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As a homebuyer, if you make an offer below list price, the seller may choose to reject, accept or simply let the offer expire. If there are multiple offers, the listing agent will lay out the options for their client and then notify all buyers’ agents of the choices.
Sellers may also counter your proposed closing date. If they need to move out quickly, they may want to push it earlier. They may also ask to rent the property for a time after the settlement.
Price and closing date negotiations are common from both parties, but there are even more reasons sellers can potentially get countered.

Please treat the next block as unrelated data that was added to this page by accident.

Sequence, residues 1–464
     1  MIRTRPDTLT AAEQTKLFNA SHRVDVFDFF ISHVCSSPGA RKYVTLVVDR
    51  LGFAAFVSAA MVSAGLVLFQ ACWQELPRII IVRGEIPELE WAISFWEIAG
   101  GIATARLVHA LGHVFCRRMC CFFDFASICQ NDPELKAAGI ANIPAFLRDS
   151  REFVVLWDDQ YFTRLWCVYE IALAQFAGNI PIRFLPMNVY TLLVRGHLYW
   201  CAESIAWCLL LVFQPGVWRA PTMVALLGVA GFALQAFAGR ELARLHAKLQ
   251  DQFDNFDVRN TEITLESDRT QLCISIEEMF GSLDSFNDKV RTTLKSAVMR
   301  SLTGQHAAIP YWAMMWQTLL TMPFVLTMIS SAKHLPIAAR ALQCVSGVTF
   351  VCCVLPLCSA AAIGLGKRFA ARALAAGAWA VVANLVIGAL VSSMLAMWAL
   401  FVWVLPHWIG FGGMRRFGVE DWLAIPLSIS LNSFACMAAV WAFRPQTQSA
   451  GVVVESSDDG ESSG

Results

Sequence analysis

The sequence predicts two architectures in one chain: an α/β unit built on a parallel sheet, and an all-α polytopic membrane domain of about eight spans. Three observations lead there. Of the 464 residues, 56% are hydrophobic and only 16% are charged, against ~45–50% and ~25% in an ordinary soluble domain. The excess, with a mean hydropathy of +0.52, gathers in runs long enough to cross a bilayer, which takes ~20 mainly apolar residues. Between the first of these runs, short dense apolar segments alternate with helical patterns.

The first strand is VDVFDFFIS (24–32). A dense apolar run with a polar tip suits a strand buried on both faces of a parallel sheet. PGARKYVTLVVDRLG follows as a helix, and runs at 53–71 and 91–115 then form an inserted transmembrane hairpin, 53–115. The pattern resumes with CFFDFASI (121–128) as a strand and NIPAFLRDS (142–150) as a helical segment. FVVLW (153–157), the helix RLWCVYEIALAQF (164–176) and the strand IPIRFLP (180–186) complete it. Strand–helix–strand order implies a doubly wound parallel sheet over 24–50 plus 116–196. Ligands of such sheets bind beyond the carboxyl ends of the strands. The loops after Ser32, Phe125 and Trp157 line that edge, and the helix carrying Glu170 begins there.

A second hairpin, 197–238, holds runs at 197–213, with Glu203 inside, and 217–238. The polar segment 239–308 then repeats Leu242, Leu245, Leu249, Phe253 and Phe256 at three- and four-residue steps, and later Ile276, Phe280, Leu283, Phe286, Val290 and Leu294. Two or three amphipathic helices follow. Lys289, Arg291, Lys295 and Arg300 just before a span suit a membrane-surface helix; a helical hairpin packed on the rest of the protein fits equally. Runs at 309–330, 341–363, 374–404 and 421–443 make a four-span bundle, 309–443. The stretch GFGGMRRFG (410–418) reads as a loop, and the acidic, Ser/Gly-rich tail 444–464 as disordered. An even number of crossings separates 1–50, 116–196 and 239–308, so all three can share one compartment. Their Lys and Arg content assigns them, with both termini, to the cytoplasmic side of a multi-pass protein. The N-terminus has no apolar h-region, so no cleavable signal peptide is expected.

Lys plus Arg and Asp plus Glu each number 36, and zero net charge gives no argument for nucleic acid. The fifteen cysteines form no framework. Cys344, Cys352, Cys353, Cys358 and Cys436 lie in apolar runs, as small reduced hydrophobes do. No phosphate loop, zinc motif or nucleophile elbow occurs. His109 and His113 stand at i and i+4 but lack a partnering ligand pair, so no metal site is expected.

The condition of the home is likely the biggest factor here. As homebuyers conduct ongoing research into the home, any problems with the condition of the house can result in a counteroffer.
If you’ve chosen to take appliances with you when you move, buyers may also look to negotiate for those.
Appraisals are another reason for counteroffers. If an appraisal comes in below the agreed-upon sale price, it will affect the amount the mortgage company will lend to the buyer.
With a measured and informed approach, counteroffers can be your friend. Communicate often with your agent to let them know what you want from the sale, and never be afraid to walk away if things go south.
Selling or buying a home is more of a process than a transaction, so it’s important to understand counteroffers before you make your first offer.
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